Building a story - Take two

As in my previous attempt at this exercise, I found a picture of a scene, identified several frames and put them together in a sequence to create a new story. This time my canvas was ‘Triangular’ (1962), a black & white photograph by Chinese photographer Fan Ho. I found this picture interesting for its use of high contrast lighting and the intriguing dark-clothed figure standing with his back to the viewer, lit by sunlight streaming into the subway from the street above.

Before selecting the frames for the story, I cropped the picture down, creating a new master shot that further emphasised the standing man in the background and the lower half of a walking man in the foreground.

I selected three frames, of three figures rendered in different degrees of light and tone. Then added captions to each image to help tell the story.

Fig. 1. Fan Ho (1962)



1. The Standing Man
2. The Sunlit Man
3. The Hidden Man









The Standing Man
steps serenely, upward
into the morning crowds


The Sunlit Man is in
no hurry to catch the
eastbound train across town


From a distance, the
Hidden Man watches as
people pass by like spirits.


This was a very satisfying exercise to do. Where the frames in the previous attempt at this exercise appeared looser, a little disconnected, and even slightly surveillance camera in style, the frames in this attempt are tighter, connected and more cinematic, and there is a stronger sense of character and place.

This time I looked for a way to incorporate shot size into the selection when framing the images. Frame 1 is a medium shot (MS); Frame 2 is a medium shot (MS); Frame 3 is a wide shot (WS).

What this exercise has shown me is that the connection between how you convey information, meaning, feeling, ideas within a frame and your choice of shot size can have a strong impact on the way in which an audience views a moving image.

So, how can I use this to plan for the future? By asking which shot size works best for each frame, as well as thinking about conveying information, meaning, feeling and ideas, when making my own moving images.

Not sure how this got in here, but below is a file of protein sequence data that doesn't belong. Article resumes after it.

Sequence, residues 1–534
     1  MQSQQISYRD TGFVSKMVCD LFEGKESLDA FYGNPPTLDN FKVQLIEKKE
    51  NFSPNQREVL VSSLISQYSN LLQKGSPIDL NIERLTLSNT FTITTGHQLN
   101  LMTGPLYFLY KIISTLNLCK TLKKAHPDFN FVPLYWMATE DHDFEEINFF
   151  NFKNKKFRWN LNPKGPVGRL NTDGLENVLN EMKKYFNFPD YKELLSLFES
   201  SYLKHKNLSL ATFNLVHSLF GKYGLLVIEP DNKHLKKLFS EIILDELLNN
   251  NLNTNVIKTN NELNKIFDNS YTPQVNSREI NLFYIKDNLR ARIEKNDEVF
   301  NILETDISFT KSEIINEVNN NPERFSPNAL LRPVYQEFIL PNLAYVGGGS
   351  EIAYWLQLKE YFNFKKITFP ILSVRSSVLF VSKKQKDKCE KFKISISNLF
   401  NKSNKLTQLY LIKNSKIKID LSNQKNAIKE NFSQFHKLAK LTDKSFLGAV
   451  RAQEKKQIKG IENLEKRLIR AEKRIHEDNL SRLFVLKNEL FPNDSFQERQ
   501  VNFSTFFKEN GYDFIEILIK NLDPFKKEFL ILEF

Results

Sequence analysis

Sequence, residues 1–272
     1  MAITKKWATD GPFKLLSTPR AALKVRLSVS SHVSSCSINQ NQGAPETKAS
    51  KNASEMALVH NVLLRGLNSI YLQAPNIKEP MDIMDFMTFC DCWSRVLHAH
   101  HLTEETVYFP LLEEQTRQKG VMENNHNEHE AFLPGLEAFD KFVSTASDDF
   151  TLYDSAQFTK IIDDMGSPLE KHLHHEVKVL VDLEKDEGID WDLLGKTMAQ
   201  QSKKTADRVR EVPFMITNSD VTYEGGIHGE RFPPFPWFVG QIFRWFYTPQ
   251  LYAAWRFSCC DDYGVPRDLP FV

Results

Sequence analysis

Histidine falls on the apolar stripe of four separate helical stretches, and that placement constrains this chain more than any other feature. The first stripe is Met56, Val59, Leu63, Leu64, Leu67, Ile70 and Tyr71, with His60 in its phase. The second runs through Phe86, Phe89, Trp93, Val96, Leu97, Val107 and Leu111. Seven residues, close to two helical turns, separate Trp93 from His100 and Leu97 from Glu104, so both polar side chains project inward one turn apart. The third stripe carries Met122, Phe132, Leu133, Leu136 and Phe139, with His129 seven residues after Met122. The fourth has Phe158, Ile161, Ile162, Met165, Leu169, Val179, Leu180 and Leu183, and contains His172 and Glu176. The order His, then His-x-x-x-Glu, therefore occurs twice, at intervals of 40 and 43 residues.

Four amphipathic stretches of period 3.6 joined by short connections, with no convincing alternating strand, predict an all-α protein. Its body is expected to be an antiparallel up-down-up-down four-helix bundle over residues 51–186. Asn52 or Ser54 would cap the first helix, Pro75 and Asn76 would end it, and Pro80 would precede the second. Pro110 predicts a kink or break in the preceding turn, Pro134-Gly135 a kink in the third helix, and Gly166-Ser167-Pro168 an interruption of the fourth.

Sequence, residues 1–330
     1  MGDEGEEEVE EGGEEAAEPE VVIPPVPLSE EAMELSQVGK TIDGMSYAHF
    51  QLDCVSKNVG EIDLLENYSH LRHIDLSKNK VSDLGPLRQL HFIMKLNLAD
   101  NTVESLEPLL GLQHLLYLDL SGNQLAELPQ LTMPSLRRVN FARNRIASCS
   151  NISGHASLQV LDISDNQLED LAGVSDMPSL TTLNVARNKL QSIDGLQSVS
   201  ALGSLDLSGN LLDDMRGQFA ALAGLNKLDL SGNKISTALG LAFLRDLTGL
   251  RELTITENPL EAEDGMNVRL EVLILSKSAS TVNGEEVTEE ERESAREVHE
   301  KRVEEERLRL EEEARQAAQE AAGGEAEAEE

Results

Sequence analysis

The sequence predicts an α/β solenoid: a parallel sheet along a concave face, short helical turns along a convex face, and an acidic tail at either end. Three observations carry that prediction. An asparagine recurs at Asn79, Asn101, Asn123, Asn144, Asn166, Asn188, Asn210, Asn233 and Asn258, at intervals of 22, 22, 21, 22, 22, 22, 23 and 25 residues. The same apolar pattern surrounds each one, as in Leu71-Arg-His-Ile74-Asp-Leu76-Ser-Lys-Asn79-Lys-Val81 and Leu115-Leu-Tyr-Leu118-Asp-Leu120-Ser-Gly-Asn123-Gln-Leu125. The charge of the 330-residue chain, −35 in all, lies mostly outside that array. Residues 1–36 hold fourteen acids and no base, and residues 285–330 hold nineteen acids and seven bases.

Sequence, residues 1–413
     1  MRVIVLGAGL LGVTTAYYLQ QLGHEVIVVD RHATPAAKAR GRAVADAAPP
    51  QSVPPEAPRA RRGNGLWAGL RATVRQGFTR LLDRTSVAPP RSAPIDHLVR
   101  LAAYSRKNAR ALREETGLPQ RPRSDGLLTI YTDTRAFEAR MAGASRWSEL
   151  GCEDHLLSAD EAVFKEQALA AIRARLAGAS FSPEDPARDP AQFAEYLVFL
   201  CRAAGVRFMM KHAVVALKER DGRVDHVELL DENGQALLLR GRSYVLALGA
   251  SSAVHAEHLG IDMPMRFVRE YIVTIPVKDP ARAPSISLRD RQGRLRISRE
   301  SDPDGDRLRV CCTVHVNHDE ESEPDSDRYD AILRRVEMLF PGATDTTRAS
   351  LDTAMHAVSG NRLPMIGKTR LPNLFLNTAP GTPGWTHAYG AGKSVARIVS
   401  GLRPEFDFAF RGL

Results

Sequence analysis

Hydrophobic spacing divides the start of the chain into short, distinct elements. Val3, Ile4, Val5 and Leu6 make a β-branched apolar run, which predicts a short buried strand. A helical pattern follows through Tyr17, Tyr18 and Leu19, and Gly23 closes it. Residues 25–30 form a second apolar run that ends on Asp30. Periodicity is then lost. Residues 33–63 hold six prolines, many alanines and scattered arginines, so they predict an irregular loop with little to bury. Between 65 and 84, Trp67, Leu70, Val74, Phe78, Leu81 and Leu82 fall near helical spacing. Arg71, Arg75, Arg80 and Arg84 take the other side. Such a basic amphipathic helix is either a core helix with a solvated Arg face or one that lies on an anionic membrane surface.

And how can I use this to plan new learning experiences? By looking at how other moving image practitioners and cinematographers use framing to portray information, meaning, feeling and ideas within their work; by experimenting with ideas using the same exercise through moving images; and by using this exercise as a follow up to exercises 7 & 10 on developing ideas.


List of Illustrations

Figure 1. ‘Triangular’ (1962) Fan Ho

Building a story

Fig. 1. Chris Yunker (2008)

Exercise Brief:

  • Choose a picture of a wide scene.
  • Identify a series of frames within the picture that you can use to create a new story.
  • Place your new images in order and accompany them with notes outlining your new story.

A wide shot of pedestrians walking in ones, twos and threes along a street in Milan provided the large canvas for this exercise on directing attention in a scene. The bright, overcast sky casts a diffused, even light throughout the street.

The five images selected from within the wide shot were chosen for the different ways in which the characters were portrayed within the scene. The images were cropped to exclude other people where possible, so as to direct the focus of attention to the main characters within the frame.

Logbook 11/4/2017

Each frame was also given a caption that described in some way the character within the image.

The frames were then sequenced according to an implied direction of movement within the images and the number of people within the image.

Frames 1, 2 & 4 imply a left to right movement; frame 3 implies a movement towards the viewer; frame 5, though static, implies a movement from right to left, which acts as a bookend to frame 1.

The number of people within the opening frames increases sequentially from 1 to 2 to 3. The final two images have one person within the frame, with the final one again acting as a bookend to the first frame.




Frame 1. ‘The unobservant man…reflects on peaceful times’

Frame 2. ‘The two colleagues…persue the benefits of stone’

Frame 3. ‘The man in a black suit…extols the virtues of his wealth’

Frame 4. ‘The woman glancing sideways…quietly rejoices’

Frame 5. ‘The pensive man…conceals a fear of rain’